WRXZ logo.png
Broadcast areaMyrtle Beach
Frequency107.1 MHz
Branding"Rock 107"
FormatMainstream Rock
First air date
1971; 51 years ago (1971)
Former call signs
WCIG-FM (1971–1995)
WWSK (1995–2003)
WQSD (2003–2009)
Technical information
Facility ID66138
ERP50,000 watts
HAAT150 meters (490 ft)
Transmitter coordinates
33°56′14.00″N 78°57′53.00″W / 33.9372222°N 78.9647222°W / 33.9372222; -78.9647222
WebcastListen Live

WRXZ is a mainstream rock radio station licensed to Briarcliffe Acres, South Carolina and serves the Myrtle Beach area. The iHeartMedia outlet is licensed by the Federal Communications Commission (FCC) to broadcast at 107.1 MHz with an ERP of 50 kW. The station goes by the name Rock 107. Its studios are located on the U.S. 17 Bypass in Myrtle Beach, and its transmitter is located north of Conway, South Carolina.


WCIG 107.1 was an urban adult contemporary and gospel station in Mullins, South Carolina prior to 1995. The station increased from 3,000 to 50,000 watts and moved to Myrtle Beach with the new name WWSK "107.1 The Shark" and the format "Mega Hits" (actually hot adult contemporary).[citation needed] John Boy and Billy were on in the morning from 1995 to December 18, 1998.[1] Losing John Boy and Billy resulted in the station's losing half its audience, and nearly two-thirds of its morning audience.[2][3]

The Shark's music changed several times. First it switched to modern rock in November 1996.[4] Then it became "107.1 The Fox", playing rock oldies. In 2000 "The Fox" played "Classic Rock That Really Rocks", with artists such as The Rolling Stones, Pink Floyd and Janis Joplin. Also, Lex and Terry replaced John Boy and Billy in the morning; Mixin' Dixon had a midday show that included "Liquid Lunch", former morning host Michael Parnell did afternoons, and Leanne had the night shift.[5][6] Lex and Terry were later replaced by Bob and Tom.[citation needed]

In a deal announced in February 1997, Root Communications Ltd. announced plans to buy eight radio stations owned by Florence, South Carolina-based Atlantic Broadcasting, including WWSK.[7] Qantum Communications Inc. purchased Myrtle Beach's Root Communications Group LP stations in 2003.[8]

On September 18, 2003 The Fox became The Sound, with the first song "Magical Mystery Tour" by The Beatles.[9] For several years prior to 2007, WQSD The Sound was a classic hits station which told listeners, "It's all about the music".[10] Then the station switched to Variety Hits, with the slogan "We play it all" and "The Grand Strand's Largest Music Library".[11]

On February 18, 2008 WQSD flipped to urban adult contemporary. Earlier in the month, Qantum announced the purchase of variety hits WYNA "104.9 BOB-FM",[12] which did much better in the ratings then 107.1 The Sound had.[13] The station went by the name "Q107.1" and its slogan was "Today's R&B and Old School." Q107.1 aired "The Steve Harvey Morning Show", "The Ride with Doug and DeDe" afternoons and "Keith Sweat Hotel" for nights.[14][15]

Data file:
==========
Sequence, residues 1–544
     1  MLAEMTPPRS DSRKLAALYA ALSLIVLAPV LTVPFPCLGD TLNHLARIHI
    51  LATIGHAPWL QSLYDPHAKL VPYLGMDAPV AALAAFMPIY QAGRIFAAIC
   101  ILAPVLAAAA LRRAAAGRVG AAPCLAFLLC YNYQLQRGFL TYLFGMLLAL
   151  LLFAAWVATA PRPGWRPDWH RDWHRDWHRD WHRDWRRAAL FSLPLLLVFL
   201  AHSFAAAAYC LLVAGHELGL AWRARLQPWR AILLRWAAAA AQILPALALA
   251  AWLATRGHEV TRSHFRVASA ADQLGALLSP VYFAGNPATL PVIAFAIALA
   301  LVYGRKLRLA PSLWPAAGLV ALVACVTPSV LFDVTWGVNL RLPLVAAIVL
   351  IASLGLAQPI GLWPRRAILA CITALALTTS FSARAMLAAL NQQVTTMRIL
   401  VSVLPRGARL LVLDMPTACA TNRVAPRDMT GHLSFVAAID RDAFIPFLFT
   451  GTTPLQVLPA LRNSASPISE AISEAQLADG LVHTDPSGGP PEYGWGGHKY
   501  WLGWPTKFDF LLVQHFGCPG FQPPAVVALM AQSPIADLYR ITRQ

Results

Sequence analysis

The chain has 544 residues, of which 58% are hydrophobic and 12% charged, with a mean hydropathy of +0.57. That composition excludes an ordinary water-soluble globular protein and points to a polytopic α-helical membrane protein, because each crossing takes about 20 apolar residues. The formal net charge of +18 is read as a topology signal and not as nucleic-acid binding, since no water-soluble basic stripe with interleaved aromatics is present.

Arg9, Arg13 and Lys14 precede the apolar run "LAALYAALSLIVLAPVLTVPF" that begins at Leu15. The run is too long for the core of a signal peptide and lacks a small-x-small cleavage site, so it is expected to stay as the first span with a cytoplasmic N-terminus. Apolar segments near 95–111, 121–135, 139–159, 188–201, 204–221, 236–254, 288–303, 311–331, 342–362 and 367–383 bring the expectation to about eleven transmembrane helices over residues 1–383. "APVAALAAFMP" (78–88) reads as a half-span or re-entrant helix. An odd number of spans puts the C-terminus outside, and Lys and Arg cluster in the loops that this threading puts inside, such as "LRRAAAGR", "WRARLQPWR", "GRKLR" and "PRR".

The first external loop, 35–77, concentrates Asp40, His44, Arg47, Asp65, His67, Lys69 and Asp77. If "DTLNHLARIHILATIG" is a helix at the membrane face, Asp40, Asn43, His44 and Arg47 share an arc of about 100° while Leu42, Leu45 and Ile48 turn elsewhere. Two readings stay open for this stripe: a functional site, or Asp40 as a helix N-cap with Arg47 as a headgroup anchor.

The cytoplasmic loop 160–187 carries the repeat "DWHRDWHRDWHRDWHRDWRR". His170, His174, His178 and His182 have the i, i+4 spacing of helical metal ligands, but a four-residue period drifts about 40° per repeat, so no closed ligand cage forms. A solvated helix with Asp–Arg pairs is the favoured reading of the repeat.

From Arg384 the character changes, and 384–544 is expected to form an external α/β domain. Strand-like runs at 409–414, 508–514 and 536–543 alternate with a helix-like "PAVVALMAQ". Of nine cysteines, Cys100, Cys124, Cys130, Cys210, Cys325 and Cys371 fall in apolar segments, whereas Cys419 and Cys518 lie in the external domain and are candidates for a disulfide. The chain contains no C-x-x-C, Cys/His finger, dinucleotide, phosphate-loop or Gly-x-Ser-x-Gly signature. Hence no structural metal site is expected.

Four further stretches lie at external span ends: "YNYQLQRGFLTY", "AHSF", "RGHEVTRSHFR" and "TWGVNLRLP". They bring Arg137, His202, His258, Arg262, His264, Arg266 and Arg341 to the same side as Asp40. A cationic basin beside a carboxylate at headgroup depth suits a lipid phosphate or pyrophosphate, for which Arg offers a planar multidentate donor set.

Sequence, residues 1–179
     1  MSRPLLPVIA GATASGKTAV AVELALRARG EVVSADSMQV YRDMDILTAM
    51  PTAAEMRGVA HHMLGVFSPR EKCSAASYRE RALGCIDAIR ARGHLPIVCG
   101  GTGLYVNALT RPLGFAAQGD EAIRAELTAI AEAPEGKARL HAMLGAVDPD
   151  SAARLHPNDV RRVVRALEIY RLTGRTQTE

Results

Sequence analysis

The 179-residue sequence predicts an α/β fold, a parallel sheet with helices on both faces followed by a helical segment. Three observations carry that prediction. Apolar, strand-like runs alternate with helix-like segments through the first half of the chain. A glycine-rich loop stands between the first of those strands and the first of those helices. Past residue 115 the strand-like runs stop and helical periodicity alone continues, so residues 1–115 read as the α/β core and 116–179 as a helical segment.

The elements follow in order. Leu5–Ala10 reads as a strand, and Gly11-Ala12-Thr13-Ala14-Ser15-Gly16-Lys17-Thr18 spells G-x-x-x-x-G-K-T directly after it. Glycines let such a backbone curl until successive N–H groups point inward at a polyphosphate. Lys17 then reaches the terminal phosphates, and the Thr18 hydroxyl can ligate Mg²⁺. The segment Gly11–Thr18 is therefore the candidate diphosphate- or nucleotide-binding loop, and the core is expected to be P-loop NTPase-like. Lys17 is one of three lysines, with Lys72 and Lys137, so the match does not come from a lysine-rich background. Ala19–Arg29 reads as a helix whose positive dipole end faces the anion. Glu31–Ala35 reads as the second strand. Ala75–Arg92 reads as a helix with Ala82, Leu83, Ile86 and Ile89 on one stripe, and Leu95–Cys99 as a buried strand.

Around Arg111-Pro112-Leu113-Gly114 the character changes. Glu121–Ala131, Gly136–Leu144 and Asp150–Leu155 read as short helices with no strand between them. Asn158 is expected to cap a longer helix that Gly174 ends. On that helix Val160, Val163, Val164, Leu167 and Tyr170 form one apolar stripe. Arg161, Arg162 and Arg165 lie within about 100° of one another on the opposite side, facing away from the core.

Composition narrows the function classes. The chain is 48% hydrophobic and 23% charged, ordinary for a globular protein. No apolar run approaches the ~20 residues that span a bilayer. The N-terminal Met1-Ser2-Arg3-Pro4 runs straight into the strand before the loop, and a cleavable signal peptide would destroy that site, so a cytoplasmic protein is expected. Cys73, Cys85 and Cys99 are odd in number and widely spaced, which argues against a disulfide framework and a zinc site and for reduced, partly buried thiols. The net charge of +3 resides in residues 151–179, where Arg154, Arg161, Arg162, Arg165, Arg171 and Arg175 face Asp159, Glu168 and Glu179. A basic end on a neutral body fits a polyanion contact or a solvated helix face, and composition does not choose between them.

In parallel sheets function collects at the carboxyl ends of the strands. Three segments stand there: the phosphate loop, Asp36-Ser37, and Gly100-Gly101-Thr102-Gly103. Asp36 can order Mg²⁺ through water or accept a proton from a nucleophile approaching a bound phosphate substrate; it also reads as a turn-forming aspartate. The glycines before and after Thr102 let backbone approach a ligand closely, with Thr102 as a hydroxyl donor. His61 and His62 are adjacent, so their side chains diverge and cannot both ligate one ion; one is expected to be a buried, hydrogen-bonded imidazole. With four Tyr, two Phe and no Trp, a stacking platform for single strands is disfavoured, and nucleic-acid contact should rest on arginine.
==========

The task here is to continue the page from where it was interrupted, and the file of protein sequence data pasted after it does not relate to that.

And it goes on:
On March 3, 2009, 107.1 FM dropped the urban adult contemporary format at 10:00 a.m. and switched to a mainstream rock format as "Rock 107". The call sign was changed to WRXZ with the format change. Also Mad Max did mornings; he was last seen on NextMedia's WKZQ.[16]

On May 15, 2014, Qantum Communications announced that it would sell its 29 stations, including WRXZ, to Clear Channel Communications (now iHeartMedia), in a transaction connected to Clear Channel's sale of WALK AM-FM in Patchogue, New York to Connoisseur Media via Qantum.[17] The transaction was consummated on September 9, 2014.


  1. ^ Toby Eddings, "John Boy and Billy jump ship to 100.3," The Sun News, Jan. 17, 1999.
  2. ^ Toby Eddings, "WDAI returns to top of radio ratings," The Sun News, Aug. 22, 1999.
  3. ^ Toby Eddings, "Survey says WGTR tops in mornings," The Sun News, Oct. 10, 1999.
  4. ^ Toby Eddings, "Catching Up on News in the Area," The Sun News, January 12, 1997.
  5. ^ Toby Eddings, "Lex and Terry now heard on WWSK-FM," The Sun News, Feb. 13, 2000.
  6. ^ Toby Eddings, "The difference in rating and share," The Sun News, Mar. 5, 2000.
  7. ^ Hager-Van Dyke, Charlene (1997-02-20). "Root Communications Eyes 8 Radio Stations In Carolinas". Orlando Sentinel. Retrieved 2011-11-01.
  8. ^ "Changing Hands". Broadcasting & Cable. 2003-03-16. Retrieved 2011-10-13.
  9. ^ "107.1 The Fox Becomes The Sound". Format Change Archive. 18 September 2003. Archived from the original on November 24, 2020. Retrieved November 24, 2020.
  10. ^ www.thesound1071.com http://www.thesound1071.com. Retrieved 2007-04-19. ((cite web)): Missing or empty |title= (help)
  11. ^ www.thesound1071.com http://www.thesound1071.com. Retrieved 2007-10-08. ((cite web)): Missing or empty |title= (help)
  12. ^ "Coastal Grand Mall Seeks Expansion," The Sun News, Feb 7, 2008.
  13. ^ www.radio-info.com http://www.radio-info.com/content/arbitron.php?market=159. Retrieved 2008-02-21. ((cite web)): Missing or empty |title= (help)
  14. ^ www.urbaninsite.com http://www.urbaninsite.com/profiles/1-urban-insite/blogs/246-j-chris-named-pdmd-for-wqsd. Retrieved 2009-03-29. ((cite web)): Missing or empty |title= (help)
  15. ^ www.wqsdfm.com http://www.wqsdfm.com/pamg.php. Retrieved 2009-03-29. ((cite web)): Missing or empty |title= (help)
  16. ^ http://www.radioandrecords.com/RRWebSite20/Members/ShowHeadLine.aspx?ContentID=47433&ContentTypeID=101&Archive=0&FormatId=0[dead link]
  17. ^ Venta, Lance (May 15, 2014). "Qantum Sells To Clear Channel; Connoisseur Expands In Long Island". RadioInsight. Retrieved May 15, 2014.